Proc. Amer. Acad. Arts 17: 380. 1882.
Rhizomes superficial or very shallow, cordlike portion 1–2 dm × 2 mm, expanding to 10–15 mm diam., nodes with brown, scalelike leaves and few to no roots. Stems 1–2-branched, 3–3.2 dm. Leaves: basal with blade pale green, 3.2 dm × 1.5 cm, margins scarious basally, apex acute, proximal 2 semi- sheathing, blade 5 cm, scarious; cauline 1–2, sheathing branch and stem for ca. 1/2 their length, blade ca. 5 cm, semimembranous. Inflorescences 2–3-branched, each unit with single flower, all borne at approximately the same level; spathes 2–3 cm × 5 mm, subequal, scarious except basally and along midrib. Flowers: perianth white or blue tinged with deep violet lines; floral tube funnelform, 0.3 cm; sepals oblong-spatulate, 2.8 × 1 cm, apex deeply emarginate, signal an inconspicuous crest with low, yellow, undissected ridge; petals bluish white, oblanceolate-spatulate, base gradually attenuate into claw; ovary elliptical, 0.4–0.7 cm; style 1.8 cm, crests broadly obovate, 0.7 cm, margins erose; stigmas triangular-acuminate, margins entire; pedicel 0.4–1 cm, not lifting flower clear of spathes. Capsules depressed-globose, roundly triangular, 0.9–1.5 × 1.2 cm. Seeds pale brown, with whitish raphe, D-shaped, pitted. 2n = 28.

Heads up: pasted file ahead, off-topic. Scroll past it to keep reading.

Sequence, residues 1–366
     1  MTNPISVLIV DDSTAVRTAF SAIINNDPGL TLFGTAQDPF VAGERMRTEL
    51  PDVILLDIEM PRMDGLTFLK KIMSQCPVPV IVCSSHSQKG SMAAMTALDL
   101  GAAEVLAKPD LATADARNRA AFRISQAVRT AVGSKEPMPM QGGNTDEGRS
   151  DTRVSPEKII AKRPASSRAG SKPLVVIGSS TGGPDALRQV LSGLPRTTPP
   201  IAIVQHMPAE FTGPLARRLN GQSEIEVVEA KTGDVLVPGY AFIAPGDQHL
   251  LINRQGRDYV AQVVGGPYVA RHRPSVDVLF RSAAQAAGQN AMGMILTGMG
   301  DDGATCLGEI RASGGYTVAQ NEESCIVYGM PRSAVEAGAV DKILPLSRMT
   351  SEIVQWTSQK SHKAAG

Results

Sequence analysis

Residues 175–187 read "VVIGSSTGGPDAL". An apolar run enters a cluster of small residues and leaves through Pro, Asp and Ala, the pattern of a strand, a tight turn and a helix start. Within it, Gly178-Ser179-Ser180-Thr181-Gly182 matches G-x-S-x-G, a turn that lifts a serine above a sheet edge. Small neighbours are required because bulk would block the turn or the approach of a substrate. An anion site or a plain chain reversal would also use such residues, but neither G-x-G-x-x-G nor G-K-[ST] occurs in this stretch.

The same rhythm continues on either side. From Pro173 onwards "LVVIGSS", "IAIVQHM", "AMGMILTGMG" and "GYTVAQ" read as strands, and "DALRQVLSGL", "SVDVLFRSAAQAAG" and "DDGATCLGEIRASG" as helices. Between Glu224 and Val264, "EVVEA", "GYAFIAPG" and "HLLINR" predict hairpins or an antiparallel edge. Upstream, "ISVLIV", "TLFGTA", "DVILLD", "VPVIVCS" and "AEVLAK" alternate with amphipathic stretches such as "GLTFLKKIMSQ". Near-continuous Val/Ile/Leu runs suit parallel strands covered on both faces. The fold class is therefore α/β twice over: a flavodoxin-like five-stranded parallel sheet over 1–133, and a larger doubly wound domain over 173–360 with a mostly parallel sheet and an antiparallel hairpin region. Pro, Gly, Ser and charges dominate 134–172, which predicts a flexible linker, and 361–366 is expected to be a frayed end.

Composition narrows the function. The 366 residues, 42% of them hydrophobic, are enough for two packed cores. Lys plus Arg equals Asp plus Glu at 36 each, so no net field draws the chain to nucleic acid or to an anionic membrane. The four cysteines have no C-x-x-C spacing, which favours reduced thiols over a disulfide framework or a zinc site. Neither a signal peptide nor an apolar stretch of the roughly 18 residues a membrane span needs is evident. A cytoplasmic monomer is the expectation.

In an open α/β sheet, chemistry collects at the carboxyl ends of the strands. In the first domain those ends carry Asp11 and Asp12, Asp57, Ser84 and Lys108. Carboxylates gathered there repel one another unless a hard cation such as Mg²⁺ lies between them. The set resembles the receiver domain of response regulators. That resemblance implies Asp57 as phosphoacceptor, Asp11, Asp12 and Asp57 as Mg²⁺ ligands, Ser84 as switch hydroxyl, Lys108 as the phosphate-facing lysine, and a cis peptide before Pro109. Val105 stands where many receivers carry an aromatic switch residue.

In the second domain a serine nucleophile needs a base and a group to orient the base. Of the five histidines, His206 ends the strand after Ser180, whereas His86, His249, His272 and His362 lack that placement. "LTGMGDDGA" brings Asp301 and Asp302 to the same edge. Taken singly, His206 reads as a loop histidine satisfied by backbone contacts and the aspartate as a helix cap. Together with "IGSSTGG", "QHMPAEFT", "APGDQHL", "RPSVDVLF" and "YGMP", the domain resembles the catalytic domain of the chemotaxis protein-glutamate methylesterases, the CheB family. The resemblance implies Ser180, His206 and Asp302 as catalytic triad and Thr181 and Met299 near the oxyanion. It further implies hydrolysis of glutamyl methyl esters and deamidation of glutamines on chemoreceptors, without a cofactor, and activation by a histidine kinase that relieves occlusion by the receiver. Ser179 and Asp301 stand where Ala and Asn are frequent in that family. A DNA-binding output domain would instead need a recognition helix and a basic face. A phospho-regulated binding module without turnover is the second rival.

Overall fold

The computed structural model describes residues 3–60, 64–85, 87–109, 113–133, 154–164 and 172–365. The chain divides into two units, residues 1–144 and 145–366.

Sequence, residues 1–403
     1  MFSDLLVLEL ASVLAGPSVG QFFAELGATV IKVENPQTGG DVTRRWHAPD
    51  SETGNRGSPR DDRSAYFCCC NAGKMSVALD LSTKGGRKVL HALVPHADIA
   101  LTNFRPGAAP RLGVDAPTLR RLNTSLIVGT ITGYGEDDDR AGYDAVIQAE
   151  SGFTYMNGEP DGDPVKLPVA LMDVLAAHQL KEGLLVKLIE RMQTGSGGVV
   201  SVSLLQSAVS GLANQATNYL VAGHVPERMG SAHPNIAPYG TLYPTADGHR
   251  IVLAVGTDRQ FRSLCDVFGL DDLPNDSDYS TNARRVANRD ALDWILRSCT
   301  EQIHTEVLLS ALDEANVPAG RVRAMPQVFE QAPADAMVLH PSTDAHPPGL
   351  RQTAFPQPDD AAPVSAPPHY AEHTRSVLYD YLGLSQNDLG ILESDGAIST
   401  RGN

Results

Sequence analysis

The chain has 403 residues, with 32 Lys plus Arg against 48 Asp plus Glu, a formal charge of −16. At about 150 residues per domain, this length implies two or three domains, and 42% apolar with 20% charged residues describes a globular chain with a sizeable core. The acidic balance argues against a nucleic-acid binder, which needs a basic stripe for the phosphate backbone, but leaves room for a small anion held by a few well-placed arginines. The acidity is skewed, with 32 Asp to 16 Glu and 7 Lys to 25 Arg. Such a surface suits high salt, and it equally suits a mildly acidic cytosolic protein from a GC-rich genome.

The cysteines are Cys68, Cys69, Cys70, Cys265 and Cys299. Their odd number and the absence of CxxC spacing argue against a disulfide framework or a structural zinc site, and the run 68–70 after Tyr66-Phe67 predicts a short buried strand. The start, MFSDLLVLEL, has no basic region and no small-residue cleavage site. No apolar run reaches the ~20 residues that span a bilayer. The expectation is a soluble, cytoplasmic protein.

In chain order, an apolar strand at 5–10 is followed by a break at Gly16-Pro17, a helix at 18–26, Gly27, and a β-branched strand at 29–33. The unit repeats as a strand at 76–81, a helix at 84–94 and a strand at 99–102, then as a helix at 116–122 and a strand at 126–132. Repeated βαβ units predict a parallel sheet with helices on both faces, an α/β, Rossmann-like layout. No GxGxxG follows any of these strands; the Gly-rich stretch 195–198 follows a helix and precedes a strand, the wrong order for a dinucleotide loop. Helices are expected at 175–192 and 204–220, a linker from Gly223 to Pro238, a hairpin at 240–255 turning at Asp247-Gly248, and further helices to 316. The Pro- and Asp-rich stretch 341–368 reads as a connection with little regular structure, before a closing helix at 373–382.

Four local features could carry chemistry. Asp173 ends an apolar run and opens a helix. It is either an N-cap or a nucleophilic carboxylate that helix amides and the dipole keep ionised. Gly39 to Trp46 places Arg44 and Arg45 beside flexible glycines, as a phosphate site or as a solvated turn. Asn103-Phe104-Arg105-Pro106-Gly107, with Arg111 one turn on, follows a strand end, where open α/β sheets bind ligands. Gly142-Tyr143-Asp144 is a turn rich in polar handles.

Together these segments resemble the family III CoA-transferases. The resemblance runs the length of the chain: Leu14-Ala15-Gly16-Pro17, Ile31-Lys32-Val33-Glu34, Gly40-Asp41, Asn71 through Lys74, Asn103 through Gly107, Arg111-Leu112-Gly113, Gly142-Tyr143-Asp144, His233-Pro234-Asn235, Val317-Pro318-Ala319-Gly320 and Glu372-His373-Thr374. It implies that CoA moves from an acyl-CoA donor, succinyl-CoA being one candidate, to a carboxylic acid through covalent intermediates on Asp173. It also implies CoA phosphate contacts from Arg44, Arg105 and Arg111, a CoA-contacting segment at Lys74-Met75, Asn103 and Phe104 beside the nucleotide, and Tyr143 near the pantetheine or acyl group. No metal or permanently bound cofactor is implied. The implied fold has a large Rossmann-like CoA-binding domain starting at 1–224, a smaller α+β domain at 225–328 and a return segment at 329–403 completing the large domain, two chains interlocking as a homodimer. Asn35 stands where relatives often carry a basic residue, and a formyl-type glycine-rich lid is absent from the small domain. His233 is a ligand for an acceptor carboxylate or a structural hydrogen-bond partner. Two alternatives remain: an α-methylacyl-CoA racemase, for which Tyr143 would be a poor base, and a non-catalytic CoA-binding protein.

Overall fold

Phenology: Flowering May.
Habitat: Open, wooded slopes in leafy soil with Douglas fir and dense shrubs
Of conservation concern.
Iris tenuis was originally placed in ser. Californicae, but R. C. Foster (1937) stated, “It is with some hesitation that I leave it in association with them. The broad, pale green leaves are much like those of a giant I. cristata.” F. H. Smith and Q. D. Clarkson (1956) said, “It clearly does not belong in the subsection with the other members of the Californicae,” and Clarkson in a later treatment (1958) created a new subsection, the Oregonae, for it. L. W. Lenz (1959b) moved this species into subsect. Evansia (= sect. Lophiris), with which it shows many relationships.